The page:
Posted by on Jul 26, 2010 in Healing, ponderings, Spirituality or Religion | Comments Off on Philosophers, Poets & the $64,000 Question

Today I had one of those interesting days, the kind when it all sort of flows and time bends softly and warmly around the looking glass, the kind that feels somehow touched by the Divine yet is sort of emotionally exhausting in that same way.  This morning I blogged on the Spirituality of Grief and Joy site about my many ponderings…from Jean Piaget to Buddha and CS Lewis and a bunch of other stuff… and at the time it even seemed to make sense 😉

Tonight I’m thinking of Rumi and oddly enough, the Buddhist sense of the 8 Worldly Dharmas. The 8 Worldly Dharmas are: praise and blame; pleasure  and pain; fame and disgrace; gain and loss.  Buddhism basically says that these become our attachments and aversions in life– we want the ones we enjoy or make us feel good.  Therefore we constantly seek  something outside of ourselves to hold onto the feelings we like and avoid the ones we don’t.  This creates a cycle in which we are forever caught in the wheel of life, trying to have pleasure, praise, fame and gain, seeking an ever elusive happiness, because the things we view as the opposites are always there as well.

Our whole culture–nay, our whole economy– is based on the search for these things.   This frightens me somewhat.  We are led to believe that if we have the newest shiny whizbang or the right car or the right mate or the right beer or the right whatever, then–Finally! you can be happy. And as humans we fall for that, over and over and over again.  But then that changes too, and the new whizbang goes out of style, the nifty new phone becomes a dinosaur in a few months, the kids go to school or the person you love dies or the job you thought would be so good falls apart. And then, there we are, back into what is viewed as the opposite, the “bad” feelings, the aversions and the pain.

This happens to all of us at some point, and there are so many choices.   But one of the choices is to look in the mirror and ask some hard questions, like… So now what?  Who am I without my  stuff, my comforts, my stories, my attachments, my distractions, my toys?  Chögyam Trungpa Rinpoche, a Tibetan Buddhist teacher, said, “As humans we are always running after something— some pleasure, some reward, some way to avoid pain.  But here’s the real $64, 000 question–when all of that is over, how much have you ever really connected with yourself in your whole life?”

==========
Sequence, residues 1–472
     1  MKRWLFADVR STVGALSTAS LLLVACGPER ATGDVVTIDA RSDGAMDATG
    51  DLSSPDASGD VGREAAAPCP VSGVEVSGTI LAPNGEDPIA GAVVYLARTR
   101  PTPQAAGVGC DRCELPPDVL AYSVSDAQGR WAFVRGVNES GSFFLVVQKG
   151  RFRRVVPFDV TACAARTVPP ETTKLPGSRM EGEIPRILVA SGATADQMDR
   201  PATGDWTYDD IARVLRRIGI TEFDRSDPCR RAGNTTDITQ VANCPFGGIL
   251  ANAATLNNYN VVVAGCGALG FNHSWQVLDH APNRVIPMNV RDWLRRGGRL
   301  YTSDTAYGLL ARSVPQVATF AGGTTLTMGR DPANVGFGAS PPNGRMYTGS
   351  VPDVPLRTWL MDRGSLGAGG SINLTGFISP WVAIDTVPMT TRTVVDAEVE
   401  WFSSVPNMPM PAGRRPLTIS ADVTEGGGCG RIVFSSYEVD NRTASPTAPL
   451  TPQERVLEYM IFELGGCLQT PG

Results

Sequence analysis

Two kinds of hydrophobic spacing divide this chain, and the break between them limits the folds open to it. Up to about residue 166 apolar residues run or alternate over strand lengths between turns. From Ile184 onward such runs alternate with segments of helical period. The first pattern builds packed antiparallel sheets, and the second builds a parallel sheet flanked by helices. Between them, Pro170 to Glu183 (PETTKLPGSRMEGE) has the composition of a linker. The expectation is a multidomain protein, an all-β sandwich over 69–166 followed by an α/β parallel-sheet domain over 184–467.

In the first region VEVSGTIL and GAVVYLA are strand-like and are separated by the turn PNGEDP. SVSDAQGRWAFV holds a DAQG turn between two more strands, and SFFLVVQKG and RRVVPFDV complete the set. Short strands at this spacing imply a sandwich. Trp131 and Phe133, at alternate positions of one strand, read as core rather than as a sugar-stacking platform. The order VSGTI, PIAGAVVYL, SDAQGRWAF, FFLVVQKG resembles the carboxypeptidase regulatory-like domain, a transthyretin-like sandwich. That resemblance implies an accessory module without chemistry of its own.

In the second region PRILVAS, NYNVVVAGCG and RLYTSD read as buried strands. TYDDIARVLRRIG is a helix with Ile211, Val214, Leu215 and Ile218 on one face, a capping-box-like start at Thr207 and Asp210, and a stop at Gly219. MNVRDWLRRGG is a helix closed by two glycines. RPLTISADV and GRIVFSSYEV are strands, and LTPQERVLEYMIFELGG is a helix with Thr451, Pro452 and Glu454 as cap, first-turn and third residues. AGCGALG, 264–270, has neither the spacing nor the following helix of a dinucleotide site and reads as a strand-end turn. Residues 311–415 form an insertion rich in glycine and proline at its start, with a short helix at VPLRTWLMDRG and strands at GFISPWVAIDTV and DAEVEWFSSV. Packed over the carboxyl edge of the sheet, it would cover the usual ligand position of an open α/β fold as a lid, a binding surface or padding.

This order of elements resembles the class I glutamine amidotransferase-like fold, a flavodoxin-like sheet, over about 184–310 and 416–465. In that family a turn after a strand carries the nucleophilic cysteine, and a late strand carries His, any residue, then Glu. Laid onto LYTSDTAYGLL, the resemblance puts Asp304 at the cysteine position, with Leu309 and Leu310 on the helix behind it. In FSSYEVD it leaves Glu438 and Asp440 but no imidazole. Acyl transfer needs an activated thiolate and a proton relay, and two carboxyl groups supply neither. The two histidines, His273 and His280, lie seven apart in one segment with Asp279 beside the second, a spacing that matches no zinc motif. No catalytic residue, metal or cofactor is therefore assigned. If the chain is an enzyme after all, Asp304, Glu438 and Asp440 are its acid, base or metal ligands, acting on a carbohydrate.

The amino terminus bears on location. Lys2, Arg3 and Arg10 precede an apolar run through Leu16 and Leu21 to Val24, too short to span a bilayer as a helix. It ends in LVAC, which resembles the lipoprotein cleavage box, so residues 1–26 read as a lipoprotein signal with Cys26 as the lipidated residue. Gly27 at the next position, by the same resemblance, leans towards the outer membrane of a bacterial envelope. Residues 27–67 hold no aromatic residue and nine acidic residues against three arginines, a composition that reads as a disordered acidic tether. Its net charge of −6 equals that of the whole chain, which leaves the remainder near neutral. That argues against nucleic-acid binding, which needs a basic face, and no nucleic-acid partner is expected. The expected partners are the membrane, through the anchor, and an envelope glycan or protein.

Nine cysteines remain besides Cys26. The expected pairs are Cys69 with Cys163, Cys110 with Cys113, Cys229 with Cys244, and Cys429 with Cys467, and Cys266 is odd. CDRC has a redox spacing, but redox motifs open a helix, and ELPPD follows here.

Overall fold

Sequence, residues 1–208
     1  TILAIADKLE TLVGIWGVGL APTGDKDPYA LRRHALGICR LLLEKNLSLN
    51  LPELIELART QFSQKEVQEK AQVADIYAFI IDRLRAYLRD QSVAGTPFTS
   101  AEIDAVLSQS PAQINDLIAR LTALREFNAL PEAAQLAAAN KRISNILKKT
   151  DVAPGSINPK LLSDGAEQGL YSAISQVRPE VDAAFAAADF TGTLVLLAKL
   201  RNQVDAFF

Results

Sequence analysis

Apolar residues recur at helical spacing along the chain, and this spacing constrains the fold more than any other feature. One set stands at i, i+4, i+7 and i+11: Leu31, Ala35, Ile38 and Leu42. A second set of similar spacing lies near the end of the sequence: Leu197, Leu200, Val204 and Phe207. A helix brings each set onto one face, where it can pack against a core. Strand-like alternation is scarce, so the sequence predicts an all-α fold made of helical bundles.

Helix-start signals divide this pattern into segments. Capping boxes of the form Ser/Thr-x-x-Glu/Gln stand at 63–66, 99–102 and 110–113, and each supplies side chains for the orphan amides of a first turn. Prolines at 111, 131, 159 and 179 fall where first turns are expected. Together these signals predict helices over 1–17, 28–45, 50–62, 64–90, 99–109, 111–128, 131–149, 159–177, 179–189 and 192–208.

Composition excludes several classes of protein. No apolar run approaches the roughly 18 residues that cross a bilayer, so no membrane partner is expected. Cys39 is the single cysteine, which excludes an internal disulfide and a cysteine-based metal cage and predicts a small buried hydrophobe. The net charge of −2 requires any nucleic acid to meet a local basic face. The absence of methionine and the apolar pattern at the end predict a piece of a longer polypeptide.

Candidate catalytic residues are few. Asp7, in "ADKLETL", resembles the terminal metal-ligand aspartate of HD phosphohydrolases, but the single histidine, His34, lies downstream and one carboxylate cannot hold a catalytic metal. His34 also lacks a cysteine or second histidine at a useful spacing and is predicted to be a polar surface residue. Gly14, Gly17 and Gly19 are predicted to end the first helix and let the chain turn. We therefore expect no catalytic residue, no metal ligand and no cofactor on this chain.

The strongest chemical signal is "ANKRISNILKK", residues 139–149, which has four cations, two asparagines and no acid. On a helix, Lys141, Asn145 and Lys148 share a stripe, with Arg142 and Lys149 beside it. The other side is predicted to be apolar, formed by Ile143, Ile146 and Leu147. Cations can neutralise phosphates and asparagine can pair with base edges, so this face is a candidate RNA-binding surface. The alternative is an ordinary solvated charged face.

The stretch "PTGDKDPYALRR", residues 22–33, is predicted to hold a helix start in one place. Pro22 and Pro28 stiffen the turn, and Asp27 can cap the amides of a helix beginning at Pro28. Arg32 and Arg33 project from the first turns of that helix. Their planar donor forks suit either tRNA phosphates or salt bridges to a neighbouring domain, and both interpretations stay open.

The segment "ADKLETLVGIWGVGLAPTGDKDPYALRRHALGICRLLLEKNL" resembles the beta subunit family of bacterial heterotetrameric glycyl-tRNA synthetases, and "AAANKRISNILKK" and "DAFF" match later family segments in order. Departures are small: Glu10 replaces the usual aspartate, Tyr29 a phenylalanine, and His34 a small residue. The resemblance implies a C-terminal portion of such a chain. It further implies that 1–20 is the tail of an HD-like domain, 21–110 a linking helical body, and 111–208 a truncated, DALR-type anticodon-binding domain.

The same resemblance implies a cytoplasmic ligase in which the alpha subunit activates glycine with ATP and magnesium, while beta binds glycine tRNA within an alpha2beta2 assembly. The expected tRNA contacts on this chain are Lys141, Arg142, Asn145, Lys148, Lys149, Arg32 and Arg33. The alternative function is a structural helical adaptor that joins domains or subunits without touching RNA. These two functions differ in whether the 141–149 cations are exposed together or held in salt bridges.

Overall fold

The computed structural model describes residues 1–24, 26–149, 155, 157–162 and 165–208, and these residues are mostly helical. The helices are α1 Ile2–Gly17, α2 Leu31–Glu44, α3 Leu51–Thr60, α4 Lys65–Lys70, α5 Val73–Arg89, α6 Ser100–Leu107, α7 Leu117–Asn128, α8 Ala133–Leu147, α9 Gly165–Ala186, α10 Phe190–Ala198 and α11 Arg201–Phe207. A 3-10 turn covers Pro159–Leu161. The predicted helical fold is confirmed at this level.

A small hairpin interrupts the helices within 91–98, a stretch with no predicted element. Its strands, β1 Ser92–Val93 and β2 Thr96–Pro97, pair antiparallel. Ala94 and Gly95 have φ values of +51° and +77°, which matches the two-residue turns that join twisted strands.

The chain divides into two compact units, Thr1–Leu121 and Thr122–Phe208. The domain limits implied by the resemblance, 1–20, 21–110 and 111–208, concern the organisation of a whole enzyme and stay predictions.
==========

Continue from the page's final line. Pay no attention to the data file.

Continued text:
So I was thinking this morning in the spirituality blog about Piaget and object permanence and how much trivial stuff is held in the gray matter between my ears, and that led to Buddha and the 8 Worldly Dharmas, which then led me to think of this Rumi poem…

Why Cling

Why cling to one life
Till it is soiled and ragged?

The sun dies and dies
Squandering a hundred lives
every instant

God has decreed a life for you
And He will give you
another and another and another and another….

So tonight, I am thinking of many things, watching it all sort of spin by, lazy on its axis, watching it pass through in the most interesting of ways…I ponder the $64, 000 question and think of worldly dharmas of pleasure and pain, attachments and aversions and all of the many ways in which they disguise themselves.  I love Rumi’s take on the clinging, somehow understanding that it is in the letting go, it’s the fall into the soft spots of the heart and soul that bring us to new life.   It’s not just about who you are, but who you are becoming, and if you are OK with that.  And, like the child crying “do it again!” to a fun silly grown up trick, the sun will rise tomorrow and we get to choose all over again.  And how cool is that?  Always another chance to accompany the changes in life.

So tonight I ponder this garden party of philosophers and poets, and I thank them for their contributions to my life and soul.  And I offer thanks for all the changes and chances to do it again.  And on that note, I’m off to practice the $64,000 question.

Night moon.

Night stars….

Peace 🙂

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